Conflicting accounts of the battle

The casualty figures for the 13th Manchesters, show that they were involved in fierce combat during the 24th to 28th April 1917. The Manchester’s objective was a heavily defended steep slope called Pip Ridge, about two miles south west of Lake Doiran. Their attack commenced at 08.00 hrs. on 24th April and the Official History of the Great War reports that the Manchesters achieved their objectives. However the following anonymous account of the battle tells a very different story. It is taken from the a paper ‘I saw the Futile MASSACRE at Doiran, a Plan that was doomed to Failure’ by ‘An Unprofessional Soldier’ on the Staff of 28th Division’ published in 1939:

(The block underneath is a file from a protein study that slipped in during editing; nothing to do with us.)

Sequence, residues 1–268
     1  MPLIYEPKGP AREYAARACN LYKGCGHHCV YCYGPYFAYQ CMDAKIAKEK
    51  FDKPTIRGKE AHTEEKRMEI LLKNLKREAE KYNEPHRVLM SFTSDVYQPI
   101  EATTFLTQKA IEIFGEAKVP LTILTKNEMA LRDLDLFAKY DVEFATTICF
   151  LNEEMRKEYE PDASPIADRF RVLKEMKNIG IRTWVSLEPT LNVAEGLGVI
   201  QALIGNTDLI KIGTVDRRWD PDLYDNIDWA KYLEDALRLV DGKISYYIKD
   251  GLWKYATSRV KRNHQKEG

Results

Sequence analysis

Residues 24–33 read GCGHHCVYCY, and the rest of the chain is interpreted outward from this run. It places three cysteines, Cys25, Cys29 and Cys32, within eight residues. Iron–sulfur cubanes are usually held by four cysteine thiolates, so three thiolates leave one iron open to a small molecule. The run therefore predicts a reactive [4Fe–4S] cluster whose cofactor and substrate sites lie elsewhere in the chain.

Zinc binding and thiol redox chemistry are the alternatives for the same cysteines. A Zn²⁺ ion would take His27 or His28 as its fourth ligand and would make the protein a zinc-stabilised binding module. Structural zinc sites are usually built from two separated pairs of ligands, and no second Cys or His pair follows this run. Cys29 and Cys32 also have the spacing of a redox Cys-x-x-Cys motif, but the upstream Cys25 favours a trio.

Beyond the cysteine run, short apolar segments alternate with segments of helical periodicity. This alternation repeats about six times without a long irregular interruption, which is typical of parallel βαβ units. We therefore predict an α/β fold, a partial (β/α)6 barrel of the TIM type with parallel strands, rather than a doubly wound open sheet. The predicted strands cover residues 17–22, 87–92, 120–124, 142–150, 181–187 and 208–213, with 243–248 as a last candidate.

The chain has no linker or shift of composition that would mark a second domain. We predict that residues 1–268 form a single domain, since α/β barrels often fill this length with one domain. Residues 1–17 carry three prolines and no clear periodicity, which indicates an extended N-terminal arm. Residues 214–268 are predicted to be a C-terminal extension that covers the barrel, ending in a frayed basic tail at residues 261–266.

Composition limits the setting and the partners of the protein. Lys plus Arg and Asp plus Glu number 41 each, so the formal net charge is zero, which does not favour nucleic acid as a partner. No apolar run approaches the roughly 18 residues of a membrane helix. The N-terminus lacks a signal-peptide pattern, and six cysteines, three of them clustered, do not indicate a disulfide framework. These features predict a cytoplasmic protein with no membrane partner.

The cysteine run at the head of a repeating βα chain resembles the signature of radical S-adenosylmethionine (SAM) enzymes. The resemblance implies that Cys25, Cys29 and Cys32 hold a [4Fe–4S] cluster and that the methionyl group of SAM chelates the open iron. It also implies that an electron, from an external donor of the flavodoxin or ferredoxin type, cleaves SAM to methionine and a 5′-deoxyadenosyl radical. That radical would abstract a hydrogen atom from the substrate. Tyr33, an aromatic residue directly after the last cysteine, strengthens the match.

In the early light of an almost unclouded morning the British and Greek forces advanced in order of battle. The noise of our guns had abruptly ceased before daybreak, and there came that awful pause in which defenders and attackers are braced up to face the ordeal, with fear or desperation, with cool courage or with blazing ardour. Slowly the pale grey smoke lifted in layers of thin film above the ridges, blue shadows deep in every fold or hollow and a dim golden glow on scrub, rock and heather. No one could tell what had been the effect of our gunfire upon those fortified hills. The infantry soldier relies upon the guns behind him, trusting in their power to smash a way for his advance by killing or demoralizing the enemy and cutting up his defences. In this case, if he had any hopes or illusions, the infantry soldier was quickly un-deceived. Our attack on ‘Pip Ridge’ was led by 12th Cheshire’s. The battle opened with a crash of machine-gun fire, and a cloud of dusty smoke began to blur the outline of the hills. Almost immediately the advancing battalion was overwhelmed in a deadly steam of bullets which came whipping and whistling down the open slopes. Those who survived were followed by a battalion of Lancashire men, (Manchesters?) and a remnant of this undaunted infantry fought its way over the first and second lines of trenches – if indeed the term “ line “ can be applied to a highly complicated and irregular system of defence, taking full advantage of every fold or contortion of the ground. In its turn, a Shropshire battalion ascended the fatal ridge. By this time the battle of the “ Pips” was a mere confusion of massacre, noise and futile bravery. Nearly all the men of the first two battalions were lying dead or wounded on the hillside. Colonel Clegg-Hill and Colonel Bishop were killed; the few surviving troops were toiling and fighting in what appeared to be inevitable and immediate death. The attack was ending in a bloody disaster. No orders could reach the isolated cluster of men who were still trying to advance on the ridge. Contact aeroplanes came roaring down through the yellow haze of dust and smoke, hardly able to see what was going on, and even flying below the levels of the Ridge and Grand Couronne (nearby mountain at the top of Pip Ridge and fortified). There was only one possible ending to the assault. Our troops, in the military phrase of their commander, “fell back to their original positions” Of this falling back I will say nothing. There are times when even desperate heroism has to acknowledge defeat.